Like all true Trollopians I carry in my mind a vivid picture of Barsetshire and its people. For me it is a landscape of rolling countryside with ancient churches and great houses, with Barchester a compact cathedral city of great elegance, as if Peterborough cathedral had been miraculously transported ten miles into Stamford.
“The answers are in Washington’s Bible!” Katrina shouts as Moloch stirs the dark, swirling clouds that will seal her once again in Purgatory. Her husband, Ichabod Crane, stands watching, unable to help as his wife is swallowed up in a world that he can only reach in dreams and visions. Ichabod has been resurrected from the dead in the twenty-first century and faces Death himself in the form of the headless horseman of Sleepy Hollow.
The newest knockout competition on British television is The Great Pottery Throw Down (GPTD), in which an initial ten potters produce a variety of ceramic work each week, the most successful being declared Top Potter, and the least successful being ‘asked to leave’. The last four then compete in a final […]
Think the life of a doctor is dull? Think again! In a previous post, I recommended ten books by medical men which all doctors should read. Today, it’s the turn of medical movies. By focusing on the extremes of human life – birth, death, suffering, illness, and health – such films provide insight into the human condition and the part that we as doctors play in this never-ending theatre.
The most striking aspect of Shakespeare in India today is that it seems to have at last got over its colonial hangover. It is well known that Shakespeare was first introduced to Indians under the aegis of colonialism: first as an entertainer for the expatriates, then soon incorporated into the civilizing mission of the empire. This resulted in Indians being awed by Shakespeare, taking him too respectfully, especially in academia.
The film Risen retells the story of Jesus’ resurrection and ascension through the fictional Roman tribune Clavius, who supervises both Jesus’ crucifixion and the investigation into what happened to his missing body.
In 1996, decades before the trending hashtag, Reverend Jesse Jackson led a boycott protesting the lack of diversity at the Oscars. Having encouraged attendees to wear a rainbow ribbon in support of the issue, he was ridiculed for his efforts.
When the Academy of Motion Picture Arts and Sciences announced its nominees for the 2015 Academy Awards, the James Franco/Seth Rogen comedy The Interview wasn’t on the list. That Oscar spurned this “bromance” surprised nobody. Most critics hated the film and even Rogen’s fans found it one of his lesser works. Those audiences almost didn’t have a chance to see the film.
For some time now, I have been among those who have argued that the fandom associated with the Star Wars franchise is akin to a religion. There are those who will quarrel with the word choice, but it is hard to gainsay the dedication of fans to the original films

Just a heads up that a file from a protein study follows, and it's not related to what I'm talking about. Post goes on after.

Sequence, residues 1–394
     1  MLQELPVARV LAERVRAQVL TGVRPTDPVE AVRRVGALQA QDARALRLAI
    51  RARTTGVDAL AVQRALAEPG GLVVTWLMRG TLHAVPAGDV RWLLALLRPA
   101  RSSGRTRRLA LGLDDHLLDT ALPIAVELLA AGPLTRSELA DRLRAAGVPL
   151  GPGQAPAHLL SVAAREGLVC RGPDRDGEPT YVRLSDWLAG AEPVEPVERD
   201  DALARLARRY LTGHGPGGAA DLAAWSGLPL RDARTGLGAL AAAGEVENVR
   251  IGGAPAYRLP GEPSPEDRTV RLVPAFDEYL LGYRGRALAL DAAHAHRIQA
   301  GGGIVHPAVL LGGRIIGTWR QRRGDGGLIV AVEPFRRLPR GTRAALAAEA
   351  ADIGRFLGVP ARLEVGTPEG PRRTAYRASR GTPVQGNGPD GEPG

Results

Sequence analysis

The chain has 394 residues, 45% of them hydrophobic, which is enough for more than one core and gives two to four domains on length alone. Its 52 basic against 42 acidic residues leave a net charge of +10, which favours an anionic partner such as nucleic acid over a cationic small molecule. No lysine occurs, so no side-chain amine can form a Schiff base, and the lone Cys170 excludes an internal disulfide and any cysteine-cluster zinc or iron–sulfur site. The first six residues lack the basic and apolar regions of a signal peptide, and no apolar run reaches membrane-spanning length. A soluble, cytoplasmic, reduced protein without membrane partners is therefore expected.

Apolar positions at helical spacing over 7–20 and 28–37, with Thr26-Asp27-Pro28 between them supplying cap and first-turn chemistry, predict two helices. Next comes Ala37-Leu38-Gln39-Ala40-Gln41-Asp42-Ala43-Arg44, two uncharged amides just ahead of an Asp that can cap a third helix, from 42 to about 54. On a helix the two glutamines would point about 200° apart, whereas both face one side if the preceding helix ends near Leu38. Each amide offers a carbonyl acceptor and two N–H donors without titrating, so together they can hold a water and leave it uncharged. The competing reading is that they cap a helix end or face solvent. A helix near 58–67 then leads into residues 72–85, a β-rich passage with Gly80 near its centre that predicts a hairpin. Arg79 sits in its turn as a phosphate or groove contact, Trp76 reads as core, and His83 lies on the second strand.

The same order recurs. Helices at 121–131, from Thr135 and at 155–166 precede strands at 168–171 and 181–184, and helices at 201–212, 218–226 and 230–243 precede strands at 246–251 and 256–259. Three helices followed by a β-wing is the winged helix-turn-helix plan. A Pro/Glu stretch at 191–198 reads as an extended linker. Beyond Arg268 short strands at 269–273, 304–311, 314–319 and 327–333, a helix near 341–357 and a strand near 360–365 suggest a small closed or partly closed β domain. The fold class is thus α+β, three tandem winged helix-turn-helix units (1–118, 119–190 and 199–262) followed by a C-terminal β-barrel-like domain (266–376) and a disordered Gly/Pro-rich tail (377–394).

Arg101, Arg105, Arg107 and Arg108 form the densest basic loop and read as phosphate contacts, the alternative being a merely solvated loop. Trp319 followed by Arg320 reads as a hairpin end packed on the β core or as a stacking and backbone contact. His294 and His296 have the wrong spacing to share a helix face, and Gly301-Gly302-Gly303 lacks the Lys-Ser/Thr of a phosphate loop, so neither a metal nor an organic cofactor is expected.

London. Michaelmas term lately over, and the Lord Chancellor sitting in Lincoln’s Inn Hall. Implacable November weather. As much mud in the streets as if the waters had but newly retired from the face of the earth, and it would not be wonderful to meet a Megalosaurus, forty feet long or so, waddling like an elephantine lizard up Holborn Hill.
Nowhere is media’s influence on social attitudes more evident than among the millions of fans following Star Wars. Decades after the franchise’s creator, George Lucas, made his first iteration of the fictional galaxy filled with aliens, Stormtroopers, and the Force, his vision has captivated fans with countless iconic moments.
The Big Picture and The Big Short: How Virtue helps us explain something as complex as the Financial Crisis
The star-studded new film The Big Short is based on Michael Lewis’s best-selling expose of the 2008 financial crisis. Reviewers are calling it the “ultimate feel-furious movie about Wall Street.” It emphasizes the oddball and maverick character of four mid-level hedge fund managers in order to explain what it would take to ignore the rating agencies’ evaluations and bet against the subprime industry—that is, their own industry.
Todd Haynes’ new film Carol is an adaptation of Patricia Highsmith’s semi-autobiographical novel The Price of Salt, first published in 1952 under the pseudonym Claire Morgan. Daring for its time, the novel depicts a passionate lesbian romance between Carol Aird (Cate Blanchett), a well-off middle-aged New Jersey housewife divorcing her husband, and nineteen-year-old Therese Belivet (Rooney Mara), who works as a department store salesclerk.
‘What connexion can there be between the place in Lincolnshire, the house in town, the Mercury in powder, and the whereabouts of Jo the outlaw with the broom,’ asks Dickens’s narrator in Bleak House. As the novel develops, it offers various possible answers, including disease, family, money, and friendship.
People often find their interest in a cause awakened by a dramatization on stage, screen, between the pages of a book or, these days, on YouTube. This fall, Americans are learning about the highly dramatic battle in Britain to win the vote for women.
Say you wanted to take over the world—how would you do it? Let’s agree it looks much like the world we live in today, where some countries hold inordinate power over the lives of people in others; where global systematic racism, the shameful legacy of colonization and imperialism, has contrived to keep many humans poor and struggling.